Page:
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I am trying to detect when a USB drive is inserted. Right now, I'm creating a dummy window and RegisterDeviceNotificationing it. However, I don't think my approach is correct, as the window doesn't seem to be receiving messages.

#include <iostream>
#define WINVER 0x501
#include <windows.h>
#include <dbt.h>
#include "devicehandler.h"
#include "remover.h"

DeviceHandler::DeviceHandler(Remover* remover)
{
    this->remover = remover;
    this->hWnd = this->createHandleWindow();
    this->registerDeviceHandler();
    this->messageLoop(this->hWnd);
}

DeviceHandler::~DeviceHandler()
{
    this->unregisterDeviceHandler();
}

void DeviceHandler::messageLoop(HWND hWnd)
{
    std::cerr << "Entering message loop." << std::endl; // Gets here!

    MSG msg;
    while (GetMessage(&msg, this->hWnd, 0, 0)) {
        std::cerr << "Loop!" << std::endl; // Does not get here!
        switch (msg.message) {
            case WM_DEVICECHANGE:
                {
                    PDEV_BROADCAST_HDR pHdr = (PDEV_BROADCAST_HDR) msg.lParam;
                    switch(msg.wParam) {
                        case DBT_DEVICEARRIVAL:
                            std::cerr << "Device added!" << std::endl;
                            break;
                        default:
                            std::cerr << "Other device event." << std::endl;
                            break;
                    }
                    break;
                }
            default:
                break;
        }
        TranslateMessage(&msg);
        DispatchMessage(&msg);
    }
}

HWND DeviceHandler::createHandleWindow()
{
    std::cerr << "Creating handle window... ";

    HWND hWnd = CreateWindow(NULL, NULL, WS_ICONIC, 0, 0, CW_USEDEFAULT, 0,
                             NULL, NULL, GetModuleHandle(NULL), NULL);
    ShowWindow(hWnd, SW_HIDE);

    std::cerr << "done!" << std::endl;
    return hWnd;
}

void DeviceHandler::registerDeviceHandler()
{
    std::cerr << "Device notification handling... ";
    // GUID guid = { 0xa5dcbf10, 0x6530, 0x11d2, { 0x90, 0x1f, 0x00, 0xc0, 0x4f, 0xb9, 0x51, 0xed } };
    GUID guid = { 0x25dbce51, 0x6c8f, 0x4a72, { 0x8a, 0x6d, 0xb5, 0x4c, 0x2b, 0x4f, 0xc8, 0x35 } };
    DEV_BROADCAST_DEVICEINTERFACE notificationFilter;
    ZeroMemory(&notificationFilter, sizeof(notificationFilter));
    notificationFilter.dbcc_size       = sizeof(DEV_BROADCAST_DEVICEINTERFACE);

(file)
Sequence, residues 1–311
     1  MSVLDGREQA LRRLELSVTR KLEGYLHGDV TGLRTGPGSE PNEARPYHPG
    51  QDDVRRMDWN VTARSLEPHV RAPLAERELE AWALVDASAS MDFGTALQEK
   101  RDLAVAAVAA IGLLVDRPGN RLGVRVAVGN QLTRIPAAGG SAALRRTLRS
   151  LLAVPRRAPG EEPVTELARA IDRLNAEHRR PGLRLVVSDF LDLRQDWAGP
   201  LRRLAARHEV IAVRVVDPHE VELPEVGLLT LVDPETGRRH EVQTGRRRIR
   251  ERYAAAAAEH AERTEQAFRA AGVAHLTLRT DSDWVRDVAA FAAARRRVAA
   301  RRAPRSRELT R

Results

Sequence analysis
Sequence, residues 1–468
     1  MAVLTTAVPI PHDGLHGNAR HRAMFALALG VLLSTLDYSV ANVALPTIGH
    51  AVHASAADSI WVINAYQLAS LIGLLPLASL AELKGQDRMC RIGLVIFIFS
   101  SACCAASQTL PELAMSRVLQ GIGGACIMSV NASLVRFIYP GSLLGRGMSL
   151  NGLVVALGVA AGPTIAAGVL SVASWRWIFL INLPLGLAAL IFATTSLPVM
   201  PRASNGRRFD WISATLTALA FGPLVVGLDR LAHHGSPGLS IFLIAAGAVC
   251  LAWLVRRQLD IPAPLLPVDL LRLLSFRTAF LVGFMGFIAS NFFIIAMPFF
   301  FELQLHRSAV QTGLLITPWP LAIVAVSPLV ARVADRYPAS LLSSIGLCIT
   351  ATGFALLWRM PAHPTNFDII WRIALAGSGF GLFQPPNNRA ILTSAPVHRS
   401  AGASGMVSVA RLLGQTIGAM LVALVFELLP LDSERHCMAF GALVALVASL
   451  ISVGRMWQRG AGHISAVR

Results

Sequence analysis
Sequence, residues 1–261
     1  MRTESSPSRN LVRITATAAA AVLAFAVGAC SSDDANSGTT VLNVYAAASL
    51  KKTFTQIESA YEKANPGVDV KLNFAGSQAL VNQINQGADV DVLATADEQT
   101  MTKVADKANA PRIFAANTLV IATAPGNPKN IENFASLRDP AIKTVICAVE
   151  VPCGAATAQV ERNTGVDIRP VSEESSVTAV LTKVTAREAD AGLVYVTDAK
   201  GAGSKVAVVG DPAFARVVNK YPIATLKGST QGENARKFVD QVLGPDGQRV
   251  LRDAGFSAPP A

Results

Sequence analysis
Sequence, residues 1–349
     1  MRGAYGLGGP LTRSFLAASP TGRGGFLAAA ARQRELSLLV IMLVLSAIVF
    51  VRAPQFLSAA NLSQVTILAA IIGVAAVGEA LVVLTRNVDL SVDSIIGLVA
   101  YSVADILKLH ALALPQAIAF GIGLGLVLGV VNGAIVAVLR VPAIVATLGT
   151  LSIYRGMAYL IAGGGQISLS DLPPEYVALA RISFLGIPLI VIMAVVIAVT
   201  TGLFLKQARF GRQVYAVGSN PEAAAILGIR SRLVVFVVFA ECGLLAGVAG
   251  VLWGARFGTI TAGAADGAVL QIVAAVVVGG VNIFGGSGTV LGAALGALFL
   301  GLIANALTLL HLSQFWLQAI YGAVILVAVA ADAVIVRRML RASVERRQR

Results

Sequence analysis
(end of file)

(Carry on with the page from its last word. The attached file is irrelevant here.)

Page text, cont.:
notificationFilter.dbcc_devicetype = DBT_DEVTYP_DEVICEINTERFACE;
    notificationFilter.dbcc_classguid  = guid;

    this->deviceNotifier = RegisterDeviceNotification(this->hWnd,
                                                      &notificationFilter,
                                                      DEVICE_NOTIFY_WINDOW_HANDLE);
    std::cerr << "done!" << std::endl;
}

void DeviceHandler::unregisterDeviceHandler()
{
    UnregisterDeviceNotification(this->deviceNotifier);
}

I'm guessing that this is not the right place to put the message loop, but I'm not very good with WinAPI. How do I get my program to enter the message loop? (And also preferably register device notifications.)

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Improve your error handling, never assume that a Windows api function succeeds. You'll no doubt see that you didn't actually create the window. –  Hans Passant Sep 25 '12 at 13:20
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2 Answers

up vote 2 down vote accepted

You should be creating a message only Window. It can receive messages it registers like device notification and power events, but it will never be shown.

Message only window must be registered with RegisterClassEx.

With you window class registered, you then pass your window class name to CreateWindowEx along with HWND_MESSAGE as a parent. Your CreateWindow should use CreateWindowEx instead to look like this :

HWND hWnd = CreateWindowEx(0, myClassName, _T("This is not the class name"), 
                0, 0, 0, 0, 0, HWND_MESSAGE, 0, 0, this);

You will still use GetMessage along with TranslateMessage and DispathMessage which will call your WNDPROC like a callback. Nothing wrong with that, but you loose the pointer to your DeviceHandler class in your windows procedure.

This is why you pass this as the last parameter of CreateWindowEx. You can retreive it when you receive the WM_CREATE message and set it to your windows class user data with SetWindowLongPtr and GWLP_USERDATA. Every call after that will retreive the pointer with GetWindowLongPtr and cast it to a DeviceHandler object.

Here is a good example of the technique.

To play by the rules, you should register your own window class to use GWLP_USERDATA, although it should still work using the STATIC window class.

Final note : be sure to call DefWindowProc for messages you don't handle.

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This works, but it forces me to use a callback, which is difficult to integrate without adding global state. Is there any way to use GetMessage instead of a callback? –  Waleed Khan Sep 25 '12 at 18:31
    
I beleive you must use a callback, actually called a window procedure. See my updated answer. –  ixe013 Sep 26 '12 at 2:25
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Looks like the problem is that your window is not created because you didn't specified valid class name. HWND returned in this case is NULL and device fails to register it and send messages to it.

As proposed in other answer you could use Message-Only Window for purpose to receive device notifications. But would like to mention that registering window class is not necessary in this case, you could use predefined class name, e.g. STATIC (as you don't need actually to specify your own window proc):

HWND hwnd = CreateWindowEx(0, "STATIC", 0, 0, 0, 0, 0, 0, HWND_MESSAGE, 0, 0, 0);
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